A Treasure Trove of Wit

Published Saturday October 8th, 2011-10-08

Michael Higgins for the Telegraph-Journal, Saint John, New Brunswick

Porter loves to read; he reads himself into reality. And he loves those whom he reads; they are his companions to integration and wholeness.

And so his musings centre around the following literati and cognoscenti: Alberto Manguel, Robert Lax, John Berger, Simone Weil, Muriel Rukeyser, Leonard Cohen, Harold Bloom and Susan Sontag. He also throws in for good measure the eminent Palestinian savant Edward Said - whose credentials as a Jewish intellectual he takes pains to establish. Unconvincingly, in my view.

The Magnificent Eight are as dissimilar as they are similar but what they hold in common is a passionate commitment to the word, to the power of language and to the humanizing, nay divinizing, of the alphabet, the cord that unites us over the centuries, unobstructed by boundary, tyranny and the politics of erasure.

Porter’s musings constitute the primal text: he scours for meaning, delves into hitherto unexplored areas of spiritual and theoretical interpenetration, and proclaims robustly his love for them all. But the subtext is as, if not more, interesting: the making and remaking of J.S. Porter.

The writer is formed in conversation, his dialogue with Weil and the troop ever percolating. His probes are as much autobiographical as historical. That’s what makes this book a lively, endlessly allusive love affair wherein Porter brings to the table (in fact, Lightness and Soul is a fictional table talk) such a treasure trove of wit, oracular utterance, discreet disclosure, unnerving epiphany and sheer fun that the book itself becomes a companion to conversation.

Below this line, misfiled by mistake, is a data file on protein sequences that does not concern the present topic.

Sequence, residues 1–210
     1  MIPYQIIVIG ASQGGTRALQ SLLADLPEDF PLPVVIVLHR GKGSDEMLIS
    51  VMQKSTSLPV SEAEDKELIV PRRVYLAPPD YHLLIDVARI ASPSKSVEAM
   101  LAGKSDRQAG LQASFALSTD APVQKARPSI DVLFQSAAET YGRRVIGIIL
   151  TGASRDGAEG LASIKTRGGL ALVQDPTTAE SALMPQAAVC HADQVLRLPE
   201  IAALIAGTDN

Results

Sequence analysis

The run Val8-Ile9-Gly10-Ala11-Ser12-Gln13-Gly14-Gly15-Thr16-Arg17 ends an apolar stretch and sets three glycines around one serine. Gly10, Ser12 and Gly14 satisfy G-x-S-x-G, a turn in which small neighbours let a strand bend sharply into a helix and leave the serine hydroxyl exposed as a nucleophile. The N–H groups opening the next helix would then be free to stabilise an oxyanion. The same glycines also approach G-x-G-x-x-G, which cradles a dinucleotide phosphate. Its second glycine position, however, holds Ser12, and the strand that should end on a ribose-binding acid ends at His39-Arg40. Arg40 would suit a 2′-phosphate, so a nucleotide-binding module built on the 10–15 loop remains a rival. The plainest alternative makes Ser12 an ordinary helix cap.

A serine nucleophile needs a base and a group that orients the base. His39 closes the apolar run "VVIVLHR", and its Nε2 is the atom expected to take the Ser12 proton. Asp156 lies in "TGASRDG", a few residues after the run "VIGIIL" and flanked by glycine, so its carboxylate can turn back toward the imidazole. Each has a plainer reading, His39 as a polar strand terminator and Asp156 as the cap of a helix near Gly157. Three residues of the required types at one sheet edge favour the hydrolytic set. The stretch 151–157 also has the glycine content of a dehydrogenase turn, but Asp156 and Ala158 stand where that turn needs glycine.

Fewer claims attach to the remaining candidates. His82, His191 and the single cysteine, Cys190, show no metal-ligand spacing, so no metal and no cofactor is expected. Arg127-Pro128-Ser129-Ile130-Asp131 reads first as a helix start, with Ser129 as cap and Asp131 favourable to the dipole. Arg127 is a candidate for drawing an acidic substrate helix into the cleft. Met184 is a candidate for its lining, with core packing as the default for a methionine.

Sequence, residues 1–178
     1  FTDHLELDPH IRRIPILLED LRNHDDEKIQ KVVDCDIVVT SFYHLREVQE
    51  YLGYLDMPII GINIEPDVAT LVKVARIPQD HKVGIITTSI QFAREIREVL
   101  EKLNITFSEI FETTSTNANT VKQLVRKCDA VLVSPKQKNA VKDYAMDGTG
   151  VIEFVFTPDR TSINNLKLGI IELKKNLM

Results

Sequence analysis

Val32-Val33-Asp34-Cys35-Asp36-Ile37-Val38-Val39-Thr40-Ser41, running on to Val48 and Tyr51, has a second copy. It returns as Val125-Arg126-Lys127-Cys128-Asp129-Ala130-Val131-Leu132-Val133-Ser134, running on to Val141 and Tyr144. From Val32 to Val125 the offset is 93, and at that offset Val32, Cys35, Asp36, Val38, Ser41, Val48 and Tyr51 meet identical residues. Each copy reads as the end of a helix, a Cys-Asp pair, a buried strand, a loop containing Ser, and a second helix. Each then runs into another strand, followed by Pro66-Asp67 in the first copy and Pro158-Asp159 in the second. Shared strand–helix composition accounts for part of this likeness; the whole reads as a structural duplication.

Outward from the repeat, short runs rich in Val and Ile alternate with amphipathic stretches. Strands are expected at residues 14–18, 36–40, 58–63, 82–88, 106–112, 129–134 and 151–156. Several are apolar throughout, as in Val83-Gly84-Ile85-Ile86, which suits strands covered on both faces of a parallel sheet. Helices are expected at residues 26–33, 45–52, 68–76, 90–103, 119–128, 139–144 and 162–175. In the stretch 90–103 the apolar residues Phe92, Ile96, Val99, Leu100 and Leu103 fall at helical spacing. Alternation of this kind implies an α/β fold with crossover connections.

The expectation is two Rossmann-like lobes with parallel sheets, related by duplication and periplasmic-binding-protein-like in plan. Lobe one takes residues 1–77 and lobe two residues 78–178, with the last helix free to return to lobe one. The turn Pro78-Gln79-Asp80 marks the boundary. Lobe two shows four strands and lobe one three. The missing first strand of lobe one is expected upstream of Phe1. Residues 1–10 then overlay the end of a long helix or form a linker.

Porter delights in his subjects and there is no critical edge. He eschews the qualified and lifeless judgement of the expert for the effusiveness of the lover.

And he masters the aphoristic style he admires in so many of the writers under the scope of his fealty. Of the “logocentric and bibliocentric” literary critic Harold Bloom he notes: “He is a Seussian geyser of gab.”

And he succinctly defines his own Christian faith in a book on eight Jewish writers when he observes:

“I celebrate the Jewish Jesus and the cosmic Christ, the Jesus of Nazareth and of Hamilton, the wine-drinker, the storyteller and the embracer of strangers.”

His Jesus can be found in his city, Hamilton, Ont., because as the master spinner of tales, the outlier who identifies with the rejected, Jesus weaves a narrative of salvation open to all.

Porter likes that kind of inclusiveness and Lightness and Soul reads as his spiritual testament.

Michael W. Higgins is vice-president for mission and Catholic identity at Sacred Heart University, Fairfield, Conn. He is a former president of St. Thomas University.

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